From Kaz Hirai announcing the PS3 at ‘Five hundred and ninety-nine US dollars’, to showing Afrika, which was basically nothing, to saying that Genji: Days of the Blade was based on real historical battles – only to have a ‘giant enemy crab’ show up. Then we had Kaz also confessing his love for Ridge Racer and that the PS3 won’t have any gimmicks, only to then debut Eye of Judgment, and show it off using the PSP as a rear view mirror for F1: Championship Edition, a feature which never made the final version of the game. It’s safe to say that this conference was an absolute disaster on all fronts for Sony back then and it signalled a long road for Sony to redeem themselves and the PS3 to many people involved with gaming. You can watch the whole train-wreck here.
Sony did manage to recover the PS3 and has since launched another platform, PlayStation Vita. You would have thought that it would have been the focus of that year’s E3 conference. Well, it wasn’t. The PS Vita came out in North America and Europe in February 2012 and at E3 you would have thought that the Vita would get a lot of time spent on it announcing new games, especially since it hasn’t had the easiest start in life. Instead, the Vita was pretty much shunned, only having PlayStation All-Stars Battle Royale announced for it and shown on stage, a game previously announced for PS3.
There was no other live demos, only a trailer for Assassin’s Creed 3: Liberation, despite the fact that the PS3 game was demoed; even though it had already been demoed at Ubisoft’s own conference which was before Sony’s. We also had a logo for Call of Duty Black Ops: Declassified but no gameplay, which in hindsight, was probably a good thing. There were no other announcements for the Vita and these two games were already confirmed previously. There wasn’t even a sizzle reel for Vita games shown, only for one to be uploaded onto YouTube after the conference finished. Instead, what we got was a fifteen minute demo for Wonderbook.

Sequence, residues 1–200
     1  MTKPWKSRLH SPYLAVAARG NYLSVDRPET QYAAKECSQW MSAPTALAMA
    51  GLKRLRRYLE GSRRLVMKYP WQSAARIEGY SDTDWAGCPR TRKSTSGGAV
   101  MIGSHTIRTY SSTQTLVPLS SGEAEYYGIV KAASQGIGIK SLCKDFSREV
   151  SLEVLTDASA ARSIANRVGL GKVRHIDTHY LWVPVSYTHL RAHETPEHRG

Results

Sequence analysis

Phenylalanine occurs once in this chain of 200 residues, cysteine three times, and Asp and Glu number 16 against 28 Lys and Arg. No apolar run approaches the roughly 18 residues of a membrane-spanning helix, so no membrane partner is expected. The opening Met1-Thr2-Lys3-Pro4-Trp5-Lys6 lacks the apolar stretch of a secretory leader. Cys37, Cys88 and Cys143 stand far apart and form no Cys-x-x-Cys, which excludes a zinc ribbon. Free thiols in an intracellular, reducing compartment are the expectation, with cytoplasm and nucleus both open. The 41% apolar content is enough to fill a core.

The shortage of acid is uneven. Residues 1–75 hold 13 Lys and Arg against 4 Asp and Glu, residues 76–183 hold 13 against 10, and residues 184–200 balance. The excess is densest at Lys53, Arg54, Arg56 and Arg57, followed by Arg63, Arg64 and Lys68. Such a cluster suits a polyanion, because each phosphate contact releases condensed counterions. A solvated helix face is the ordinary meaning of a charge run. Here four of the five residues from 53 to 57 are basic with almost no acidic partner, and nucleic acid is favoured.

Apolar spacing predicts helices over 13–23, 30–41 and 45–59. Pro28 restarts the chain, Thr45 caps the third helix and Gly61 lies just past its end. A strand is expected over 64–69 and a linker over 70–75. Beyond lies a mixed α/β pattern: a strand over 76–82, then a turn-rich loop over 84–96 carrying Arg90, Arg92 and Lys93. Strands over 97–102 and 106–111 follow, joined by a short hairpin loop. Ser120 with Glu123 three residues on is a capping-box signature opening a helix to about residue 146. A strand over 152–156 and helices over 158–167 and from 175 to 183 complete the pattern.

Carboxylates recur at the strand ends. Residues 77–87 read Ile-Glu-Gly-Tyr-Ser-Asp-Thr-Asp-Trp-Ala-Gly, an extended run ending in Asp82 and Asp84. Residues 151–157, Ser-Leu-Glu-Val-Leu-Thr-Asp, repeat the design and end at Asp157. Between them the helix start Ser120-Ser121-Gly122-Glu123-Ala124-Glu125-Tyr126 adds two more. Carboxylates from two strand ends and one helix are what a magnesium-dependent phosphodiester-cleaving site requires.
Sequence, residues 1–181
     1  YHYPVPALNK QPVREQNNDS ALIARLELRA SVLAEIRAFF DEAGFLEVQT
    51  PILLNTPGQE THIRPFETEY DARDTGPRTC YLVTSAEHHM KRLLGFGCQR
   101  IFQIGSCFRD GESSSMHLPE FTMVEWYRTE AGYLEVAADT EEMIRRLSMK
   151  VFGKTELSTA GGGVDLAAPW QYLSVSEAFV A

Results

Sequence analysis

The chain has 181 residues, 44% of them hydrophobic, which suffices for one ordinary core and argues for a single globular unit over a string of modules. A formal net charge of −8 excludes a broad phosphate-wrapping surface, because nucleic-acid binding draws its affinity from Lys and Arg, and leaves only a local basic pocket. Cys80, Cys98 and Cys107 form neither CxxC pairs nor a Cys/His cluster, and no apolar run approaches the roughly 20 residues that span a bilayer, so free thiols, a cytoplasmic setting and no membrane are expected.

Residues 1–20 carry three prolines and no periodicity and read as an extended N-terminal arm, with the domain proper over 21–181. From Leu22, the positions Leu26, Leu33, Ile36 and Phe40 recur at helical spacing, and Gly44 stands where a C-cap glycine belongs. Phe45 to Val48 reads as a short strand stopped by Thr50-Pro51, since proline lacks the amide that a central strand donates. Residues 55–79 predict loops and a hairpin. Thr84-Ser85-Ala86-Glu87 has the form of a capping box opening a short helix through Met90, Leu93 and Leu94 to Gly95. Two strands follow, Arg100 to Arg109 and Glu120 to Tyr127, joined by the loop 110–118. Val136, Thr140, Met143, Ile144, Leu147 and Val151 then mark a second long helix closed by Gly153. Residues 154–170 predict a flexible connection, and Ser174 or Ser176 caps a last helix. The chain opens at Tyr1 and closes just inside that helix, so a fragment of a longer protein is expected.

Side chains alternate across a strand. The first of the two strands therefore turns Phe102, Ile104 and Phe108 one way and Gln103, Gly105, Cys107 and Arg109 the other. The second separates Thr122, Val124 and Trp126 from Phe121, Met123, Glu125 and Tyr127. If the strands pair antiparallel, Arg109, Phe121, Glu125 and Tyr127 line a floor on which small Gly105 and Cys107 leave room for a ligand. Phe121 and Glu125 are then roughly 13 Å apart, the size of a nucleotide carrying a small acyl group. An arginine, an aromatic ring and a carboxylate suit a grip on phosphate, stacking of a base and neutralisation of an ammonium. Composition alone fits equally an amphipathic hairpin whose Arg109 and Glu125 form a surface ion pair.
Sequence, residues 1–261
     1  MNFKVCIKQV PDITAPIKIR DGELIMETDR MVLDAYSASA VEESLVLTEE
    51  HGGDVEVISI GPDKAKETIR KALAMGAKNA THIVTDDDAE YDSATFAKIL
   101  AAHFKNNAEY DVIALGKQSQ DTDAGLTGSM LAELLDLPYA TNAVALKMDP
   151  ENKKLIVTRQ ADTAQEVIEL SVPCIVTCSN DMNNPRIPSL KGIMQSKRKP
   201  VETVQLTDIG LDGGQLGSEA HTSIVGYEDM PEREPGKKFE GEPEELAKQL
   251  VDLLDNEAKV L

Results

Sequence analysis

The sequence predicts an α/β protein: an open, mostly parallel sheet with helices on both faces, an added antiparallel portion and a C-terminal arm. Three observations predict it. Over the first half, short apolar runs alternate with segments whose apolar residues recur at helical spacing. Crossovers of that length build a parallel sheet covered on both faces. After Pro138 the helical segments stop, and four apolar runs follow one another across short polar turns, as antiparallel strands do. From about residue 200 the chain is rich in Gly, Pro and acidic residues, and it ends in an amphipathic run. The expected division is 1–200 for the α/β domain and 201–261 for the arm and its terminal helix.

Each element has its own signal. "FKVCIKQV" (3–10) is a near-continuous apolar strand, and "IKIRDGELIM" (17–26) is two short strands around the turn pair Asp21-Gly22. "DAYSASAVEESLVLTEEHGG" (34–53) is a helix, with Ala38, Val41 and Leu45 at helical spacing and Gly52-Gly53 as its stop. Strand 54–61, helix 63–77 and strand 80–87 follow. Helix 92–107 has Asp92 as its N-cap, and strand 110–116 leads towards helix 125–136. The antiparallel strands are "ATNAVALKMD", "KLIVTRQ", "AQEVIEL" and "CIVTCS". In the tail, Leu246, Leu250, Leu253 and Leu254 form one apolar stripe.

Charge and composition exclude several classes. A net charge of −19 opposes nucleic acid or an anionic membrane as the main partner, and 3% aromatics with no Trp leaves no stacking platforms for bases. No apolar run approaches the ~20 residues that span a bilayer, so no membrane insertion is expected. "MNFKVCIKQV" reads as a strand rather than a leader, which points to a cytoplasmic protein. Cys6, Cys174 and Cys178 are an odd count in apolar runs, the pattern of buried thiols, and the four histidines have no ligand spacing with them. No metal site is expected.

This clearly showed that Sony had misplaced priorities and poor planning skills. No one who watched E3 would have cared about Wonderbook in the slightest but would have cared about the Vita. It was such a disappointment and hopes are that it won’t be a mistake that is repeated. Sony shunning the Vita like it did only showed a lack of faith in the platform.
Sony has had its up and downs at E3 but the future is looking bright. Hopefully, Sony deliver this year and the PS4 hits the ground running with a deluge of top quality games, with no anti-consumer nonsense in sight hopefully. The love for games is shown at this time of year and the passion that players and developers alike share is a great thing and long may it continue. We will give an honourable mention to Kevin Butler’s amazing speech at E3 2010, which reflects our own feelings.
When not attacking Giant Enemy Crab’s weak points for massive damage, Paul Kelly is on Twitter @Paul_Kelly1.